POLITENESS IS NOT A TRAIT VALUED ABOVE ALL ELSE IN A GIRL
tool it is. Don’t shame her for being heavy, and don’t praise her for losing weight. In fact, in a culture obsessed with women’s bodies, try saying as little as possible about the shape of her body and as much as you can about the good things that her body can do instead. “Congratulations, you ran right across the field super fast,” beats, “I am glad to see you getting some exercise, we need to tone you up a bit,” every time.
Also watch how you talk about other women’s appearances. Lastly, try to make peace, finally, with your own body. If you are always critical of your appearance you cannot model self-love and acceptance to your daughter.
Our children’s first (and subsequent) sexual encounters should be consensual, it goes without saying. In fact, this should be the norm; but South Africa’s women are being abused at unbelievable rates. Violence against women is tied up with the unique and complex socio-political history of our land, with poverty and anger and the disruption of the family structure by the Apartheid system’s land grabs and migrant labour system. A 2002 study by Jewkes et al, found 97 percent of the black women interviewed had experienced physical violence at some point. It’s endemic, and it needs to stop.
Consent starts with what you model! It’s a great idea to teach boys and girls that “no means no”, and even better to teach them to ensure that they and their partner both feel an enthusiastic “yes” before doing anything sexual together. But be consistent. You can’t teach a girl that she and only she can decide when and how to explore her sexuality – that nobody may cajole or beg or coerce or bully her into any form of sexual contact – and then force her to kiss creepy Uncle George hello.
Overcome your own shyness. You have to actually speak about sex if you want to shield your daughter from abuse. For that, she needs access to vocabulary, the correct words that will help her speak clearly if she needs to tell you something. Teach the words: vagina, vulva, clitoris, penis, testicles.
Teach her that politeness is not a trait valued above all else in a girl, and specifically not if anybody wants to touch her body. Teach her to shout her “no!” Think about any unwelcome formative sexual encounter you have probably had (one study in KZN estimated that half of South Africa’s women’s first sexual experience was not consensual – a horrifying statistic) and realise it can be different for your daughter. If you yourself are in an abusive relationship, seek help urgently for the sake of yourself and your daughter (we know children who witness domestic abuse are more likely to perpetuate the cycle in their own adult relationships). Start at Lifeline (0861 322 322) or Famsa (011 975 7106/7). Think, too, about whether you apply the same sex rules to your sons and daughters – are you being consistent? Are boys “slut-shamed” in your family? (Unlikely.) Do boys and girls receive different sex advice in your home? And is that right?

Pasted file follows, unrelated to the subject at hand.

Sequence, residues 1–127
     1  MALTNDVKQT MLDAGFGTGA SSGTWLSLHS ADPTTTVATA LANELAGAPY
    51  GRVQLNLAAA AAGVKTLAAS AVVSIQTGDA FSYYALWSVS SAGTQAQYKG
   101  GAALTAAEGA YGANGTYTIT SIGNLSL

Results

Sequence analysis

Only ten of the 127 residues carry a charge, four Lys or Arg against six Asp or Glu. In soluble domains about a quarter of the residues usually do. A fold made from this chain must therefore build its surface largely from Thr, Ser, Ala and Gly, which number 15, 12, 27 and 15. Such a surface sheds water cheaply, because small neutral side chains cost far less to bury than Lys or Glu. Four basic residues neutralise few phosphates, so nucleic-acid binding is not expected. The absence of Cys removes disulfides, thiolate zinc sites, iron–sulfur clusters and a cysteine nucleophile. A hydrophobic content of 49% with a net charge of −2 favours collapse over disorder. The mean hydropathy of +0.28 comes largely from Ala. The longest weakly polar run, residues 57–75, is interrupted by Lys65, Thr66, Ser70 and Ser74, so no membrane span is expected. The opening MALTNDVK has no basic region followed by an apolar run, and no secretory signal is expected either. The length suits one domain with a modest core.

PAY ATTENTION TO YOUR WORDS
Gendered, discriminatory language is entrenched in our society and we probably all use such language sometimes – but we can aim to become more aware of what we are doing when, for instance, we call a group of women the infantilising “girls” but men the macho-sounding “guys” (never “boys”). When teachers greet their students with a “Good morning, boys and girls,” why are boys routinely greeted first, and what does that teach girls about their place in society?
When we criticise our boys, is it for being scared, emotional or shy? When we criticise our girls, is it for being bossy or loud? When we praise our boys, we are more likely to emphasise active and physical attributes, such as being brave or strong. Girls tend to be praised for being kind, gentle, and helpful. All are good traits, at different times. But neither trait is just for boys or girls. Our daughters should not grow up thinking girls can only be valued for acquiescent behaviour.
Our attitudes towards girls and women have suggested they should be physically and emotionally limited. A 2010 study found women say sorry far more often than men do. Let’s stop that nonsense and give girls back their agency.
BE A SAFE HAVEN
Every parenting manual in the world supports “open lines of communication” between parents and children in order to foster good, trusting relationships. You need to be willing to listen to what your daughter says, and your attitude needs to be one that allows her to speak up for herself even if you disagree with her. Shelve the judgement for now and focus on just listening. If your daughter wants to play soccer, play-fight with swords, wrestle or jump trampoline instead of wearing dresses, having tea parties and behaving in other ways that have been considered “feminine”, can you accept her? Encouraging, or allowing or at least tolerating behaviours that fall outside gender norms go a long way to showing your daughter an acceptance of who she is, and that you believe she is capable of pursuing her interests, whatever they may be. YB